Knowing where they deviate is essential as they’re each a core component of cyber security.
You don’t want to call for an ethical hacker when you want a penetration tester or vice versa, because you’ll end up with a service that doesn’t meet your requirements.
Let’s take a look at what each process involves and how you can decide which one is right for you.
What is ethical hacking?
The goal of ethical hacking – like criminal hacking – is to find security vulnerabilities in an organisation’s systems. However, as the word ‘ethical’ suggests, the person conducting the attack must have the organisation’s approval before proceeding.
Why would an organisation ask someone to hack them? Simple: they understand that one of the best ways to identify the flaws that a cyber criminal might exploit is to think like a cyber criminal themselves.
Ethical hackers are often hired before a new system or major updates goes live. They test the systems, looking for weaknesses that they can exploit and keeping notes of their findings.
Similarly, organisations can call on ethical hackers as part of a ‘bug bounty’ scheme. These offer financial rewards to people who provide evidence of an exploitable flaw in the organisation’s systems.
Bug bounties aren’t simply a way of helping organisations identify weaknesses, though. They also incentivise recreational hackers to stay on the right side of the law.
Whether they’re being offered a bounty or not, many hackers will probe organisations’ systems in their spare time because they enjoy the challenge. But once they make a breakthrough, they might find it tempting to use their discovery for criminal gain – moving from ‘white-hat’ hacker to ‘black-hat’.
Offering them a reward for sharing their findings means it’s not simply a case of money vs ethics.
White hats, black hats and grey hats
Hackers are divided into three categories. White-hat hackers (i.e. ethical hackers) help organisations strengthen their defences by disclosing their findings.
Black-hat hackers, on the other hand, are purely in it for criminal gain. They’re usually motivated by money, but their attacks could also be political or vengeful (such as doxing someone – maliciously publishing their personal information).
In between those categories, you have grey-hat hackers. These are people who sometimes hack organisations in good faith but also conduct malicious attacks.
If this makes you worry about whether you can trust an apparent white-hat hacker, fear not. It’s extremely unlikely that anyone would conduct a malicious attack against an organisation they’ve been hired to probe, because it would jeopardise their career.
What is penetration testing?
Penetration testing is a specific type of ethical hacking, in which an organisation hires a certified professional to assess the strength of its cyber security defences.
These are usually performed via on-site audits of the organisation in question. The penetration tester will be given access to a certain amount of privileged information and attempt to use it until they find some sensitive information.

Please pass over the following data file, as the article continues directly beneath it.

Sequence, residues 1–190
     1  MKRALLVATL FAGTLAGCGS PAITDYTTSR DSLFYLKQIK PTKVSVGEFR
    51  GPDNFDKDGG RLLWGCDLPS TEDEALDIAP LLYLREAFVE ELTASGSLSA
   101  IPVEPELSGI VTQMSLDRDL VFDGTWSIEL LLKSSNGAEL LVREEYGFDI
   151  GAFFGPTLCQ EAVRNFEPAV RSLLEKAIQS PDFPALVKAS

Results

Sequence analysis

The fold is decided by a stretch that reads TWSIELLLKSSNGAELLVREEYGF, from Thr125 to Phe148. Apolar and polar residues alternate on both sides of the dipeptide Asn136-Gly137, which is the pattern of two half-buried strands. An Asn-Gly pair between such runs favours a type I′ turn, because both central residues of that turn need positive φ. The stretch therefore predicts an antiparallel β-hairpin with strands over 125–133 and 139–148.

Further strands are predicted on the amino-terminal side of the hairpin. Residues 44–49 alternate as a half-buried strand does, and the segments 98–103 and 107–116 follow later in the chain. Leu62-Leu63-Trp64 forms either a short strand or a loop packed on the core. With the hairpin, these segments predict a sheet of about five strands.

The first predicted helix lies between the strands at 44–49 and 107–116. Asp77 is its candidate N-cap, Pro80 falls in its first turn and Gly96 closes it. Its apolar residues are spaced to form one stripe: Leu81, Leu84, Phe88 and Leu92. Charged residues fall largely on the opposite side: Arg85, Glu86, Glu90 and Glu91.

Different types of penetration tests focus on specific aspects of an organisation’s logical perimeter. These include:
- External network tests;
- Internal network tests;
- Web application tests; and
- Wireless network tests.
Unlike ethical hacking, penetration tests are typically carried out at regular, set times – typically quarterly or any time the organisation makes major changes to their networks or applications.
Which one is right for you?
At various times, ethical hacking and penetration tests will be the right solution for you, as both help you achieve essential cyber security objectives.
Ethical hacking gives you a thorough assessment of your security practices and, in the case of bug bounties, can help you spot weaknesses in systems that are already live.
Its approach to cyber security is far more diverse than penetration testing. Whereas penetration testing focuses primarily on system weaknesses, ethical hacking gives actors the freedom to use whatever attack methods they have at their disposal.
They can exploit system misconfigurations, send phishing emails, conduct brute-force password attacks, breach the physical perimeter or do anything else that they believe will give them access to sensitive information.
This is extremely helpful for identifying exactly how vulnerable your organisation is to cyber threats, because crooks are increasingly mixing up their techniques and conducting multi-layered, sophisticated attacks.
Of course, it’s often simply not feasible to go to such lengths every time you want to test the security of your system.
Penetration testing enables you to perform focused tests on specific parts of your organisation. The results are extremely useful for identifying system flaws – the extent of which can often only be identified through testing – and highlighting the steps that need to be taken to address them.
The benefits of this are self-evident, which is why so many data protection laws and frameworks – such the GDPR (General Data Protection Regulation) and the PCI DSS (Payment Card Industry Data Security Standard) – mandate that penetration tests be conducted regularly.
Becoming a certified ethical hacker
Are you thinking about becoming a professional hacker? You can develop the skills you need by taking our Certified Ethical Hacker (CEH) Training Course.
This five-day course is the world’s most comprehensive ethical hacking training programme, giving you practical, hands-on experience with the systems you’ll test and the tools you’ll use to identify vulnerabilities.
Our expert trainer will show you the tactics, technologies and motivations of criminal hackers, helping you understand and replicate their methods.